I put up the reviews I wrote in the past six weeks or so. There will most likely be a new one later in the week. I have just finished reading The Price of Spring by Daniel Abraham. Enjoy reading and don't be shy about commenting.


Santa Olivia - Jacqueline Carey

When I read Kushiel's Dart in 2005 I was very much impressed with the mix of history and fantasy Carey put into her story. Unfortunately none of the subsequent Kushiel books managed to reach that level (although I haven't read her latest effort Namaah's Kiss yet). Earlier this summer Santa Olivia, novel that is not related the the Kushiel series, was published. It is in fact quite different from everything else Carey has written. Santa Olivia is a fairly short novel set in a near future town of the Texan-Mexican border. I was very much impressed with style in which this novel is written. It's the best book by Carey I have read so far.

The cause of the situation that the town of Santa Olivia finds itself in remain unclear in the novel. What we do know is that Mexico is highly unstable, violence and disease kill large numbers of people. The US government decided to close the border entirely. The inhabitants of Santa Olivia are given the choice. Head north to the US or stay and end up in a no man's land, guarded by a large military base in the area. Many people have nowhere to go and so they remain in the town. Cut off from and forgotten by the rest of the US the town is entirely dependant on the military base for supplies. Electricity becomes scares, cars can't be maintained, air-conditioning becomes to expensive to run, education is reduced to the very basics, in short the town is slowly falling apart. Many dream of escape but to prevent the condition of Santa Olivia becoming well known, nobody is allowed out.

In this town Carmen tries to raise her two children. Tommy, son of one of the soldiers of the base who like so many of his comrades has a local sweetheart, and Loup, daughter of a military man on the run. Part of a genetic experiment he's part wolf much stronger than a normal man and is incapable of feeling fear. Traits his daughter will develop as well. Both Carmen's children turn out to offer the town hope of release from their situation. The odds they face are overwhelming however, the deck is stacked against them. When Tommy finds out how far the commander of the base will go to keep the secret, Loup is left behind alone and more determined than ever to beat the odds.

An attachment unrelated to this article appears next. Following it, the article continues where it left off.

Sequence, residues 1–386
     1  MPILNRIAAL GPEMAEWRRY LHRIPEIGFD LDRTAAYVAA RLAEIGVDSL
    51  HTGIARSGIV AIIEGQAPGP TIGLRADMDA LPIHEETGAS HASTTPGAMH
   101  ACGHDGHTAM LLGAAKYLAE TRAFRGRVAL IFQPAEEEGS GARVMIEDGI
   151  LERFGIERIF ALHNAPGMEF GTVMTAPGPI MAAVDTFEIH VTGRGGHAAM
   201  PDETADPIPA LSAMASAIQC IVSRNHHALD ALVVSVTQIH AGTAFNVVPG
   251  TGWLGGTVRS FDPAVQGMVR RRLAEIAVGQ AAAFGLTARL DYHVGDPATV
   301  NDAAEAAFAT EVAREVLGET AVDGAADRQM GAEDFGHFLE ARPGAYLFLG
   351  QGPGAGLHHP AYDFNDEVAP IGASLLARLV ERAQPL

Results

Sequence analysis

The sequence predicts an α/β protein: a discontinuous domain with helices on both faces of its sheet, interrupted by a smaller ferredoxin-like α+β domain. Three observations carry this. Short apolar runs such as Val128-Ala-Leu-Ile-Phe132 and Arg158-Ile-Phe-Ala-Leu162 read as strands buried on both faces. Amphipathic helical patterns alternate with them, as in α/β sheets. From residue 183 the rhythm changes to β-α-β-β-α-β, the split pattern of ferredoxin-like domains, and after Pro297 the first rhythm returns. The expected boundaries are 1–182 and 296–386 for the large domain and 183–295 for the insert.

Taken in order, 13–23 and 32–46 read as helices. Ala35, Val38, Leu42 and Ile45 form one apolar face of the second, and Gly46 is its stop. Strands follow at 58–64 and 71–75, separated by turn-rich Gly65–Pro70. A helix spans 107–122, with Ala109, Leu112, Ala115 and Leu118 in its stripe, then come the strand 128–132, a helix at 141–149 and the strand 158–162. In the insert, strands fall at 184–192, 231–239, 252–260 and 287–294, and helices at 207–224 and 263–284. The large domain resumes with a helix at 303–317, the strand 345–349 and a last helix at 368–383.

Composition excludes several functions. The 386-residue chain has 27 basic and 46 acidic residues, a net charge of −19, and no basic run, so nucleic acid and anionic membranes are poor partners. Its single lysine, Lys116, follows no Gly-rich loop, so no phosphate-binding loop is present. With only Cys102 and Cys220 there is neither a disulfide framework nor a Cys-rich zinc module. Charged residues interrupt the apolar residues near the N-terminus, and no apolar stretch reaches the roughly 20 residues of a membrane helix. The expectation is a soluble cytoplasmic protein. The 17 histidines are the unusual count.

There's an awful lot to like about this novel. It's surprising in many ways. You'd expect a fairly conservative community but the people of Santa Olivia display a very high level of pragmatism. Society does not break down, no fights erupt about the scarce resources. The threat of military intervention should riots break out keep the town reasonably save. Many people do the best they can even though they are not strictly speaking qualified for the job. Where many stories that display this level of post apocalyptic events see society fall apart completely, Santa Olivia maintains a sense of community that keeps society running on a basic level.

The language Carey uses is fairly direct, with a lot of dialogue and riddled with profanity, a great deal different from the flowery speech of the D'Angeline characters in the Kushiel series. It suits the main characters, who never had much of an education, pretty well. The book is written in the third person but you could almost believe it being their narrative. This style keeps the book, that is set over a period of several decades, moving at a fast pace.